The bottom line is that analysis of global portfolio management behavior based on the presumption of passive management is as relevant as analysis based on the presumption of active management and is likely to become more so if current trends away from active management continue in the future.

  2. How Portfolio Managers View Investing in Emerging Markets

    For passive portfolio managers, getting the basic asset allocation correct is crucial. Unlike their active management peers, once their allocation strategy has been decided upon, they are pledged to stick to it. A typical sequence of decisions is: 1) choose how to divide the portfolio between stocks and bonds; 2) choose how to distribute the equity portion globally; and 3) allocate among various asset classes categorized in the size/style box (small cap, medium, or large cap, value, blend, or growth).

    For U.S. managers, the decision regarding the global dispersion generally divides the world into three types of markets: 1) United States, 2) Developed markets ex US, and 3) Emerging markets.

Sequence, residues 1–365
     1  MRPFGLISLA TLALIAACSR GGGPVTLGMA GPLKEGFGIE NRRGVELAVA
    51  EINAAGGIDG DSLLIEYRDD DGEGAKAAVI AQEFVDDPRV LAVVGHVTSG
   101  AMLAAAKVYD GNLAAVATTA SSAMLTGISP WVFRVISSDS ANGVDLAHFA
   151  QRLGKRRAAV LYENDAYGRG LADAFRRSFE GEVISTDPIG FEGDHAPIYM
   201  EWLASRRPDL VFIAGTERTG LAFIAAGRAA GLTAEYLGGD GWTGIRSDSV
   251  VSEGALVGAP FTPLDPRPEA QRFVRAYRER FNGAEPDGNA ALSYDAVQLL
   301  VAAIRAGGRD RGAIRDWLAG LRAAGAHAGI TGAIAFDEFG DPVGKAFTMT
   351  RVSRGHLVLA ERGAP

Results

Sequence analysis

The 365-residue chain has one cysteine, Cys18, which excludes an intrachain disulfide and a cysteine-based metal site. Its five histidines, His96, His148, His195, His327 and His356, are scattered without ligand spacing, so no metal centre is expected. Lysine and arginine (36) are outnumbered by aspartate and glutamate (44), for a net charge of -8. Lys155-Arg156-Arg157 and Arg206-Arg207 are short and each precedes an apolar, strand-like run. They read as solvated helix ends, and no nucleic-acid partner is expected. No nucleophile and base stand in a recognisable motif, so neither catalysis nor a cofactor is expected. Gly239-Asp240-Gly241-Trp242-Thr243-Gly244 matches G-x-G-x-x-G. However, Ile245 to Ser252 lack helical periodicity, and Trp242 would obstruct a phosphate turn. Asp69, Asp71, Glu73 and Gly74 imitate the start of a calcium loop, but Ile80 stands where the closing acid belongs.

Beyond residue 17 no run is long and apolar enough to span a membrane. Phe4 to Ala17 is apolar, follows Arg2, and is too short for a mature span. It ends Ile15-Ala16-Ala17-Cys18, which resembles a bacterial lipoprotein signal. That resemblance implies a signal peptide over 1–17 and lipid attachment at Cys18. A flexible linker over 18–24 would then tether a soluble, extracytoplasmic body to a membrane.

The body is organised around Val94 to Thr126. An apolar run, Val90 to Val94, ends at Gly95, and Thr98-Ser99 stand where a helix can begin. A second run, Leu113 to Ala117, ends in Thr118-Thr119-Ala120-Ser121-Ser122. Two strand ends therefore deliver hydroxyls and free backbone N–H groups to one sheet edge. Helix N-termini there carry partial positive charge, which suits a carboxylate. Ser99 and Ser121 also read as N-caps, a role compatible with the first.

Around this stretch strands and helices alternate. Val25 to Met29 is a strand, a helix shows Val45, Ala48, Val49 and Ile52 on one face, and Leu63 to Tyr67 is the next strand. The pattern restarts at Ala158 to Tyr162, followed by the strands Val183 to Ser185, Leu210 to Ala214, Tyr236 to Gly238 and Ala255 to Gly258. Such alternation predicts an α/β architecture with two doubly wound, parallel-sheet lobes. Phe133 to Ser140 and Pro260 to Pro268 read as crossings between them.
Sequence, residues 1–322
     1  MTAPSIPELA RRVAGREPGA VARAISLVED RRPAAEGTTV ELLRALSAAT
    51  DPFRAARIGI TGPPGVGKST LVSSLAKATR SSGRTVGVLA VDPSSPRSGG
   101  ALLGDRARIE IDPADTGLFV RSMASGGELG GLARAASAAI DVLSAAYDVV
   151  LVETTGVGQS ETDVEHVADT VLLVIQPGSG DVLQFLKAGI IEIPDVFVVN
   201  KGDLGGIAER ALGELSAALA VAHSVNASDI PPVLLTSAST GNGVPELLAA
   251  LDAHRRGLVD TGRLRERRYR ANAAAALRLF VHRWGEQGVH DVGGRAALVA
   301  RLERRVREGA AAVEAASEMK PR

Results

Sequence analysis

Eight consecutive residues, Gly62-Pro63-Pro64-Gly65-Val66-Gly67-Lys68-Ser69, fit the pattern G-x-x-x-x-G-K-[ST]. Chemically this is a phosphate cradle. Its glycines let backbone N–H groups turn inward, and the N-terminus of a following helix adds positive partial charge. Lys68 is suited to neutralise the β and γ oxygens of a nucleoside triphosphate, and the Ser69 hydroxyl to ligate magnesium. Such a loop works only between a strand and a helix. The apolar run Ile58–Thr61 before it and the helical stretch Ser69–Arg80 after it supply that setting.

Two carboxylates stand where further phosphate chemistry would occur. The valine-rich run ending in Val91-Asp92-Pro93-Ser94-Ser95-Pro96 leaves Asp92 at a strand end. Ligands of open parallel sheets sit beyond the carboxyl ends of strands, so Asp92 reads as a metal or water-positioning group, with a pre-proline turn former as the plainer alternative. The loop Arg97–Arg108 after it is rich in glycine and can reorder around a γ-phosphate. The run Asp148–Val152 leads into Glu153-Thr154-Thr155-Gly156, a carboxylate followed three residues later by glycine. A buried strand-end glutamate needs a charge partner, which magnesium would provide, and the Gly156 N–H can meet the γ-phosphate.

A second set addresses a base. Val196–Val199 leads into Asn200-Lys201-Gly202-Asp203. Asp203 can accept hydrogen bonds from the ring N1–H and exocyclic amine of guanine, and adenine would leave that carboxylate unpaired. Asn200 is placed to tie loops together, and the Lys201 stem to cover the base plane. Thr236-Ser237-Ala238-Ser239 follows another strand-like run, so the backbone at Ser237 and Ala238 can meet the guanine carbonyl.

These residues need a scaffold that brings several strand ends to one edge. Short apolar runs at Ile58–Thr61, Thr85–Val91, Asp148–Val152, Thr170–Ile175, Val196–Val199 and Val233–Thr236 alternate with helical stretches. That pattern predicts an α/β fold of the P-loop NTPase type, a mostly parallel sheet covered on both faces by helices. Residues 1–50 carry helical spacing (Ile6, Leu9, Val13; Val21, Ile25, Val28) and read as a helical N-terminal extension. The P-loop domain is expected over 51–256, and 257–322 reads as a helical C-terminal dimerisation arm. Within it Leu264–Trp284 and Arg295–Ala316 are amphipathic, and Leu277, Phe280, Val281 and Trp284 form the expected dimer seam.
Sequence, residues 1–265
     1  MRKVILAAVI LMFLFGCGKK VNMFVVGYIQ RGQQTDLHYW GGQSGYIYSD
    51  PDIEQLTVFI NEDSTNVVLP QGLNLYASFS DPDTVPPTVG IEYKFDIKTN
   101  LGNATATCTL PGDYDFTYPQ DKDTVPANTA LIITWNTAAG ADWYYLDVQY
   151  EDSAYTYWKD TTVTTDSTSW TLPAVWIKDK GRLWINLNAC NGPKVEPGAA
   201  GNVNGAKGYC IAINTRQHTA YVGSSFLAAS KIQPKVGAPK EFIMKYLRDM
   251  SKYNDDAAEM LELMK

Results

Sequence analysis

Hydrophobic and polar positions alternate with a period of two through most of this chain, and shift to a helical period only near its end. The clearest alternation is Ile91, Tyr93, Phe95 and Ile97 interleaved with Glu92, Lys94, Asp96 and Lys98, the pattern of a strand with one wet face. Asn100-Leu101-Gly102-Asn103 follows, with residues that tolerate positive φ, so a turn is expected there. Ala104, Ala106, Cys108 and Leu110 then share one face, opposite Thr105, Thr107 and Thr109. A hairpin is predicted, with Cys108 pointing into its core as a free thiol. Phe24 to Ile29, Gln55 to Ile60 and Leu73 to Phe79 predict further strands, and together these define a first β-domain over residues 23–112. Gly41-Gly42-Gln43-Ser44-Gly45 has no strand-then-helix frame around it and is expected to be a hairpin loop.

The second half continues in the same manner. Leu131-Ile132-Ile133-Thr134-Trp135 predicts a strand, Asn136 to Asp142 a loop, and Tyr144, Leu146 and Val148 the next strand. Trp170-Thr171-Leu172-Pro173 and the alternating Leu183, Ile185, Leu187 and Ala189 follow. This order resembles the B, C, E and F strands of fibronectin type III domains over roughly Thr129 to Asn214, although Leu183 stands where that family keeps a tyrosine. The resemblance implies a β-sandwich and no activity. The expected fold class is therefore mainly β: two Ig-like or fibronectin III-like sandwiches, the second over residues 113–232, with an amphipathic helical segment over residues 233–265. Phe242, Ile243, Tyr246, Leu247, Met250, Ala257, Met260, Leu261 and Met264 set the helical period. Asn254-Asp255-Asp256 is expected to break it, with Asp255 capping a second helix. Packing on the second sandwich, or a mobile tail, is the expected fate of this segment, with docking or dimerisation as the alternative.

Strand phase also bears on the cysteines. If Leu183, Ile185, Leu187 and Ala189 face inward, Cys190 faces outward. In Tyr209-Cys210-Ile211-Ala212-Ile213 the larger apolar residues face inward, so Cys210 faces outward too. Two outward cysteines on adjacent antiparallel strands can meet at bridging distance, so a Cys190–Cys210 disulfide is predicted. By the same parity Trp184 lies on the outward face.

Portfolio managers have much to choose from in terms of allocating their funds among the three broad categories. Total equity market capitalization for the world, including the $17 trillion in mutual funds, had reached about $46 trillion at the end of 2014 (Dimensional Fund Associates Matrix Book, 2015). This excludes the global bond market, which accounted for about another $36 trillion investment capital. The U.S. is by far the largest equity market, capturing 52% of the world's total. Developed markets outside the U.S. account for 35%. Emerging markets account for 12%. (The remaining 1% of publicly traded stocks fall outside these three categories and are located in a fourth category, "Frontier" markets, which are small, pre-emergent economies.)